Productive Failure

Revisiting the meaning of failure

13 minute read 07 February 2020 readings

When a child learns how to walk, they fall several times before succeeding, and we see this as normal. If you have a bit of evil in you, like I do, you might laugh a little. But, even if you are able to walk, you would not come up with thoughts like “This human is such a failure! Being unable to do something so trivial? I do it every day without even having to think about it!”

You will instead accept that this is a learning process, that the child is developing and learning, and that these falls are part of the process.

Why are we so much harsher on adults? If you have never encountered a certain situation or problem before, you will fall and fail on the way. This is how you learn and grow. Why should it suddenly account for your value as a human being?

A friend once told me: "Since I've had kids, I see everybody as a child in development. This way, I understand much better why they make mistakes and I am much more patient with them”.

We are all children in development, growing and forever unfinished, imperfect.

When I started to learn skating, the more experienced skaters taught me one thing first: how to fall. And I fell, and I fell, and I fell, until I could fall without getting hurt. It’s the same deal with climbing: in some of the first classes, they force you to (safely) fall, so you are not so scared of heights anymore, and can react properly when it happens. Same story again with judo... Once you know how to fall without getting injured, you can start trying things out, and grow in the field.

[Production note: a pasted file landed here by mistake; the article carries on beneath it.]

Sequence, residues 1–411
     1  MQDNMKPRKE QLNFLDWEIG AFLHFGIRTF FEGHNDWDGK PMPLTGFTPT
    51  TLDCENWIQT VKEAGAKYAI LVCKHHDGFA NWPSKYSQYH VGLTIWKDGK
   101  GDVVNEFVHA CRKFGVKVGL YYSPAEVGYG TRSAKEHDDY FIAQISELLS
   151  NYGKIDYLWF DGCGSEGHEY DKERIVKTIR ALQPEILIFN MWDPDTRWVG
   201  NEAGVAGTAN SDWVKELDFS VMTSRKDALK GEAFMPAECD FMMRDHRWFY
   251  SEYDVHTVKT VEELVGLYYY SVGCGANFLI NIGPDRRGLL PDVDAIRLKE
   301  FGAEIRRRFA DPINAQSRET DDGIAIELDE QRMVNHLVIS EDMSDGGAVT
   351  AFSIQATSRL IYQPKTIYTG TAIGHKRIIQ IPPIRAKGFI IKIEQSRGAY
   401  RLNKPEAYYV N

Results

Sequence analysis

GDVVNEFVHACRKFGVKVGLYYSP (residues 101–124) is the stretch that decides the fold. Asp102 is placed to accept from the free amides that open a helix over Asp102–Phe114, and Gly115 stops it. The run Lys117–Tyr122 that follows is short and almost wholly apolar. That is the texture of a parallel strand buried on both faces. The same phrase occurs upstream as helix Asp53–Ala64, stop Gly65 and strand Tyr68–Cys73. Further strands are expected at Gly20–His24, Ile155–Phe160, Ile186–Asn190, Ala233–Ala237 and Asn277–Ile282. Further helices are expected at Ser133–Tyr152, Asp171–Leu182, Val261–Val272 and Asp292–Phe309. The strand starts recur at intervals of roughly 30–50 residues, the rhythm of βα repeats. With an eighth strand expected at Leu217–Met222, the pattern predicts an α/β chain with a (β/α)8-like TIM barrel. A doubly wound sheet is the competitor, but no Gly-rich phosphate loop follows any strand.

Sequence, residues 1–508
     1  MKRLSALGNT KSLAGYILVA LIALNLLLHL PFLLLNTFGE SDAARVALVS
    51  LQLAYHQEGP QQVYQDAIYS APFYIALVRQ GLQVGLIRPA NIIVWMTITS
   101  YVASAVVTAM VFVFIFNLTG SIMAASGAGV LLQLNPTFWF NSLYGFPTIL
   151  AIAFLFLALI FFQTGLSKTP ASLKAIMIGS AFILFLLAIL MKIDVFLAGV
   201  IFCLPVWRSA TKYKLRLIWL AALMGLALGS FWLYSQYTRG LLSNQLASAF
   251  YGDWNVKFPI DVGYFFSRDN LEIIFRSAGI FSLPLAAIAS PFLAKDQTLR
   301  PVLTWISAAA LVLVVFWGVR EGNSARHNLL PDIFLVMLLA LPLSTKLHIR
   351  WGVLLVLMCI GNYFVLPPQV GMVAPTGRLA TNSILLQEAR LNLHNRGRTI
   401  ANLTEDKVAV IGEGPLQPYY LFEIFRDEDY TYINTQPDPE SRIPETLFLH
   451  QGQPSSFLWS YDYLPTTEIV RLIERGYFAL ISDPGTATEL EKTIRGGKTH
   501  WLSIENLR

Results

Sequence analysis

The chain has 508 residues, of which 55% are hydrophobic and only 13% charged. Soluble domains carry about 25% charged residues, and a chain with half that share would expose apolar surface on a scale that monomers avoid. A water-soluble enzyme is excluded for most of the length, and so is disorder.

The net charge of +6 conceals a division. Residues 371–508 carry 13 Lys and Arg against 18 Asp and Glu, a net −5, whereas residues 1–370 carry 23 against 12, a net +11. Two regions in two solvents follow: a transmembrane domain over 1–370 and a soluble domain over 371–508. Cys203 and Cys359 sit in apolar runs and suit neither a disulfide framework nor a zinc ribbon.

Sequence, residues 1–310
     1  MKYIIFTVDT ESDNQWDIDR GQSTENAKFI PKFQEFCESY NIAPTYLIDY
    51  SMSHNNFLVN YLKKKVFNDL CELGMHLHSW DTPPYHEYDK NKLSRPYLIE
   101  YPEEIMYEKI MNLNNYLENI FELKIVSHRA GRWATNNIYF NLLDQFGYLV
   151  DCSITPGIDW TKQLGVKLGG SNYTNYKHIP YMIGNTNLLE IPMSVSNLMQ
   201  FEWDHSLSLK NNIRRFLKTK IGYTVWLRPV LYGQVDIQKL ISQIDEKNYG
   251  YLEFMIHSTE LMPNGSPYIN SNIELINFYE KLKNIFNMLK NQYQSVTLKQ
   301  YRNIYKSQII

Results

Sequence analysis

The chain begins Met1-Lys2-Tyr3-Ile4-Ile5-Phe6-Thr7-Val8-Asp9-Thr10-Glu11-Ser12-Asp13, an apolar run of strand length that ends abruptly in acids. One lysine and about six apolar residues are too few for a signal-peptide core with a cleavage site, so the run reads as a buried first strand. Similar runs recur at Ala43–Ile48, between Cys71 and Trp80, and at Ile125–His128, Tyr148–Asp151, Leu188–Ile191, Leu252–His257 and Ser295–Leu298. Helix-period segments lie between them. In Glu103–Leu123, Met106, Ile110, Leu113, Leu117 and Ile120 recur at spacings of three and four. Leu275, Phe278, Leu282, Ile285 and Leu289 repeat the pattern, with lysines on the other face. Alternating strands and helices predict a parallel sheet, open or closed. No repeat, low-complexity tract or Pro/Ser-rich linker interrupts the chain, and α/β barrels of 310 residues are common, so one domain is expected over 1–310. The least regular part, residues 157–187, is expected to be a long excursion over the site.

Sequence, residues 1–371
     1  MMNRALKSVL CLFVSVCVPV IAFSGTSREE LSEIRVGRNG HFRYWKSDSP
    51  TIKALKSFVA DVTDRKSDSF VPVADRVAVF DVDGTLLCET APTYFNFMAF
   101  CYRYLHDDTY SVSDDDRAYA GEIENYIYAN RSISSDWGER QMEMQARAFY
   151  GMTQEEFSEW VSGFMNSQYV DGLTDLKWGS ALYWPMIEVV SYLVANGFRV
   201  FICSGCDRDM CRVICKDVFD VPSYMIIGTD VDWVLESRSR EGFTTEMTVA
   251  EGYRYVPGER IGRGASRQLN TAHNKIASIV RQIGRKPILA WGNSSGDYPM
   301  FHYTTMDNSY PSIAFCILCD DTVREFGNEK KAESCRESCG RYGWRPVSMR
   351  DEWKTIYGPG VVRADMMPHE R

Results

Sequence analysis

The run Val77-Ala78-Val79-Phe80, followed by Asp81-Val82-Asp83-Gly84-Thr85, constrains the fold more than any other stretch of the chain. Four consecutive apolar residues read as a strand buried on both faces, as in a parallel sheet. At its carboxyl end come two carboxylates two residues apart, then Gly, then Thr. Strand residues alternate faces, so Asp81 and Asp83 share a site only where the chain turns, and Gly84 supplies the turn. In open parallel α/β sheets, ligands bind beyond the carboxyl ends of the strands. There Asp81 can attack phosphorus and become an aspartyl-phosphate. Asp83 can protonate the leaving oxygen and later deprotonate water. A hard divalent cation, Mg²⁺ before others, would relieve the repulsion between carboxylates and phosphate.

Unsuspecting Skater

If you don’t believe me, look at that guy. And in particular, pay attention to how he (usually) doesn’t fall like a dead pancake.

Voir cette publication sur Instagram

Thankfully the answer is NONE! Really glad to have gone through 2019 without any major injuries, currently the healthiest and strongest I’ve ever been. Despite how much I hit the floor 😂🙌 This is just the ‘best of’ FULL VIDEO coming to youtube soon 📲🙏🍅 #fail #failcompilation #failsvids #scorpion #redbull #teamfarang #aapes #marvel #indestructible #workhard #nopainnogain #nevergiveup #bodied #supersmashbros #wolverine #london #sydney #barcelona #aussie #straya #stunts #binboy

Une publication partagée par Dominic Di Tommaso (@domtomato) le

Ok, I am very fascinated by people falling, but we have to get back to the core of the article: failure as part of the learning process.

When the body is involved, learning how to fall or fail without getting injured seems natural: we want to protect the body. Well, why aren’t we that protective when the mind is involved?

At this point we have two things coming into play: failing is important to learning, and it's important to learn how to fail without getting hurt.

deepmind parkour

Deepmind learns Parkour

Let’s take a look at how school works. Usually, classes are separated into two main types of activities. Direct Instruction is the classical kind of lecture. You have a teacher, usually human, explaining how things work, how things are solved, how formulas are proven, etc. The teacher directly instructs you how to solve problems.